that can mimic the appearance of child abuse from cases of
actual child abuse, interviewed A.L. (Id. at
¶¶ 6, 24). During the interview, Eichman indicated
that she would order the most common blood disorder testing
but that, more often than not, abuse by an adult caretaker
causes such bruising, not a coagulation problem.
(Id. at ¶ 25). Eichman was informed that
S.L.W.'s mother, Plaintiff A.L., had a history of easy
bruising and heavy menstrual blood flows but that she had not
had a formal workup done. (Id. at ¶¶
26-27). Eichman directed A.L. to bring in her older child,
D.W., for an examination for possible abuse because of her
diagnosis that S.L.W. had been abused. (Id. at
¶¶ 4-5, 28).
was found to have no abnormalities during her exam.
(Id. at ¶ 33). At approximately 7:00 p.m. on
July 14, 2015, Defendant Salih arrived at CHP and conducted
interviews with A.L. and S.W. (Id. at ¶ 34).
During the interview, Salih stated that a safety plan must be
imposed that prohibited all unsupervised contact between S.W.
and both children and that A.L. must submit to home visits by
Defendant Allegheny County in the Allegheny County Children,
Youth, and Families Services Agency (“CYF”) and
their contracted agencies. (Id. at ¶¶ 8,
34). A.L. signed the safety plan but neither A.L. nor S.W.
were given a copy of it or told that they had any right to
appeal the safety plan. (Id. at ¶¶ 34-36).
Because the unilaterally imposed safety plan prohibited
contact between both children and S.W., Plaintiffs both left
the hospital, leaving S.L.W. alone at the hospital overnight.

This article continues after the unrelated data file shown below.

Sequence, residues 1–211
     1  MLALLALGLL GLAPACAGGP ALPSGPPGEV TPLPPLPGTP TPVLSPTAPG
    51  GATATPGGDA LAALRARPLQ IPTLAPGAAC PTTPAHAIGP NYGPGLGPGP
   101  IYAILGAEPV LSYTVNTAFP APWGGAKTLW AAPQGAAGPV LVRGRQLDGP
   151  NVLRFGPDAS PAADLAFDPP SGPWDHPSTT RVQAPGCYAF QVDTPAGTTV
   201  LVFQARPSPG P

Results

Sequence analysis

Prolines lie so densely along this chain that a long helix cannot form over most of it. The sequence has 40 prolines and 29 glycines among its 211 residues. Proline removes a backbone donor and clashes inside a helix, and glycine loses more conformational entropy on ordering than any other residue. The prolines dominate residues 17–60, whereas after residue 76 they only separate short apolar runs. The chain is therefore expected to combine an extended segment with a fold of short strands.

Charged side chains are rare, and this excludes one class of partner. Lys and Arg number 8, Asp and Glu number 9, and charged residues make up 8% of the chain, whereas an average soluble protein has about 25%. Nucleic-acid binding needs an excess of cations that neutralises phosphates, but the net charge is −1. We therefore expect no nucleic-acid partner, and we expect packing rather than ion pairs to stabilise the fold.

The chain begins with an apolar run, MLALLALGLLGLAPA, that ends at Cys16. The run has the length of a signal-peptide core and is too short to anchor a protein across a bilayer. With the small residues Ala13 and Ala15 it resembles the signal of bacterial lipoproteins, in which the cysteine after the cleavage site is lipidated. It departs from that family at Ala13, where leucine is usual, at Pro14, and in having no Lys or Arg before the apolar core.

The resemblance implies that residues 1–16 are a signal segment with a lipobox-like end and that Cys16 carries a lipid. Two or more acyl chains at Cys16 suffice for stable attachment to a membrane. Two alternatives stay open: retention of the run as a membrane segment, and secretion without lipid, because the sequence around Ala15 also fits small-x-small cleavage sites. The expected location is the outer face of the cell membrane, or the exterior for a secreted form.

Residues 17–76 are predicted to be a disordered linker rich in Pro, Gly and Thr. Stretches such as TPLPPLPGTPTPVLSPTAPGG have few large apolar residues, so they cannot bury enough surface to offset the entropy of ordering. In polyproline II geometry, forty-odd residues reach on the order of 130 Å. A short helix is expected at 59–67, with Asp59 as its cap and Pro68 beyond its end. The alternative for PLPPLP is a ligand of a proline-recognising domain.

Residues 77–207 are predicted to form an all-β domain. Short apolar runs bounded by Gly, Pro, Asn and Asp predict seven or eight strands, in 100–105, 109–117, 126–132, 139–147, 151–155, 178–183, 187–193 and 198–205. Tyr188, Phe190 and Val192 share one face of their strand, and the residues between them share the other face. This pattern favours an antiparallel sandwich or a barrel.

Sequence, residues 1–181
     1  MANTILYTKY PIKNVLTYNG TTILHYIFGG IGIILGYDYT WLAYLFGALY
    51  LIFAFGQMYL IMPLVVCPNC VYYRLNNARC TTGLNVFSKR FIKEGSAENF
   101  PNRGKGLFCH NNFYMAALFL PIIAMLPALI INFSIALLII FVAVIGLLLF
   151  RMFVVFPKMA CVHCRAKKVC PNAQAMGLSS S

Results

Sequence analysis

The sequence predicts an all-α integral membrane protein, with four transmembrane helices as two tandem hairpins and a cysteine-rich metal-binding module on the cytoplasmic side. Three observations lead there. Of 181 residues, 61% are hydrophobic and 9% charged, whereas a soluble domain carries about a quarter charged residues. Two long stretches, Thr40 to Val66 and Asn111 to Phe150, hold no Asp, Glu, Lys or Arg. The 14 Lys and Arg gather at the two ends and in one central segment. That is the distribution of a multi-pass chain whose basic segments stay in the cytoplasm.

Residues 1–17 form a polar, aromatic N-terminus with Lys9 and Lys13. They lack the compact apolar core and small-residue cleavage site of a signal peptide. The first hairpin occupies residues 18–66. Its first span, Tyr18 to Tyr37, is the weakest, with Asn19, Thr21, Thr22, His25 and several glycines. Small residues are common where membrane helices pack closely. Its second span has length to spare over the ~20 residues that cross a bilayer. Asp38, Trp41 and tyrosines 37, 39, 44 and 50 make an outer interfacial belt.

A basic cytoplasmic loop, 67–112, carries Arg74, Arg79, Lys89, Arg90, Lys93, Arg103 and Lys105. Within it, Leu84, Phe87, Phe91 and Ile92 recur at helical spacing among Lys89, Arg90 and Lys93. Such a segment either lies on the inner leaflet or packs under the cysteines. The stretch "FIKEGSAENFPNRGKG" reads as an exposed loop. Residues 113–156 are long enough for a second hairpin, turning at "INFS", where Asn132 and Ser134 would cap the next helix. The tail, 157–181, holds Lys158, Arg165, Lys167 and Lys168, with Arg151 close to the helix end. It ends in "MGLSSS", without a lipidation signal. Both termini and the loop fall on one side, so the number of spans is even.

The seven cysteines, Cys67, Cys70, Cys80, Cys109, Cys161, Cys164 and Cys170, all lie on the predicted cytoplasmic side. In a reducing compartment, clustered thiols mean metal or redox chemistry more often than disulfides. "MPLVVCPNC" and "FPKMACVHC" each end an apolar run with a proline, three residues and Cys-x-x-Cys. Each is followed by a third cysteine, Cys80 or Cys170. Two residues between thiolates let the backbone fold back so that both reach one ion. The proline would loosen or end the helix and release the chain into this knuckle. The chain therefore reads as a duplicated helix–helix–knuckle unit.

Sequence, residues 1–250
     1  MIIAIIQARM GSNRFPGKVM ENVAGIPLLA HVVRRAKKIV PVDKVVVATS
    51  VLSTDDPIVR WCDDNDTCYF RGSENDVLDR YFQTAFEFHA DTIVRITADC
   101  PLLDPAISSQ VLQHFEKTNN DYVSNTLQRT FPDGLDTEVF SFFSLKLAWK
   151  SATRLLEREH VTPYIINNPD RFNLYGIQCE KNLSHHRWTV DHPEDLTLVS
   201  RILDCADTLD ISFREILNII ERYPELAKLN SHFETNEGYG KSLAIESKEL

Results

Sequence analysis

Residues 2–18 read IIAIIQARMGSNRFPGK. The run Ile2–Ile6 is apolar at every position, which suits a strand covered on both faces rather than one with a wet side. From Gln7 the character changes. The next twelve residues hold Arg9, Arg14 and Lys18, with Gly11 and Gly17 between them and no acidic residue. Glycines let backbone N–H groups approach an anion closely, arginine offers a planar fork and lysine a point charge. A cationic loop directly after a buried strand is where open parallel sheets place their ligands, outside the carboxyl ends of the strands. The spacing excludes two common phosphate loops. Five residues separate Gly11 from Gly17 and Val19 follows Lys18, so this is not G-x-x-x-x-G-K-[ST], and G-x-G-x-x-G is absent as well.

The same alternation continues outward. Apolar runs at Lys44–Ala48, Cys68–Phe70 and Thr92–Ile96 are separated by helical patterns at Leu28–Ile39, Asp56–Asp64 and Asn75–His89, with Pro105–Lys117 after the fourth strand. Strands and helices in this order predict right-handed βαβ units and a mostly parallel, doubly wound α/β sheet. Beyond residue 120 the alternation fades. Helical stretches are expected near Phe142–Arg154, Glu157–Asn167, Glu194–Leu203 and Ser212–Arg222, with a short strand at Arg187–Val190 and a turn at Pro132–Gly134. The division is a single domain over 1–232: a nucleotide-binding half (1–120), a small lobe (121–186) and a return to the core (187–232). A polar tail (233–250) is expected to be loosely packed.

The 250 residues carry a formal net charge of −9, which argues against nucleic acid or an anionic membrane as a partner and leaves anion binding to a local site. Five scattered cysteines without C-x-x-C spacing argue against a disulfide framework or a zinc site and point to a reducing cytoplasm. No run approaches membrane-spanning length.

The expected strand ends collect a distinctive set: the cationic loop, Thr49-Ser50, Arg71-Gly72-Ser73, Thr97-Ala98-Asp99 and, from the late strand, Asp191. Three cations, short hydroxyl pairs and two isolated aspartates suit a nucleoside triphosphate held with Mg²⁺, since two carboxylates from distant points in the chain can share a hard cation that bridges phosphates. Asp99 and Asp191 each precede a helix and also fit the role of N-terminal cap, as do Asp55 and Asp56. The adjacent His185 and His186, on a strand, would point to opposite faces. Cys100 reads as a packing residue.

(Id. at ¶ 38). At 10:00 p.m., Salih conducted a
home inspection of A.L.'s and S.W.'s home as part of
the safety plan. (Id. at ¶ 39). Salih again did
not explain that Plaintiffs had any right to appeal the
safety plan and did not provide Plaintiffs with a copy of the
safety plan or any notice of rights to appeal the safety
plan. (Id. at ¶¶ 40-42).
morning on July 15, 2015, Plaintiffs returned to CHP and
spoke with Eichman. (Id. at ¶¶ 43-44).
During Plaintiffs' meeting with Eichman, A.L. asked why
S.L.W. was bruised by the blood pressure cuff and pointed out
how small the bruises on S.L.W. were and that blood work was
still pending. (Id. at ¶ 45). In response,
Eichman stated, “I wouldn't hang your hat on [the
pending blood work].” (Id. at ¶ 46). A.L.
asked Eichman whether there was anything parents could do in
the daily routine of caring for S.L.W. that would exert the
same pressure on S.L.W. as a blood pressure cuff.
(Id. at ¶ 47). When pressed for an answer by
A.L., Eichman said that “it's not routine to get a
blood pressure on an infant” and then excused herself
from the room, directing further questions to the nurse
practitioner or the social worker. (Id. at
approximately 12:00 p.m., Defendant Fleming interviewed A.L.
and S.W. and reiterated the terms of the safety plan to them.
(Id. at ¶¶ 50-51). He did not give A.L. or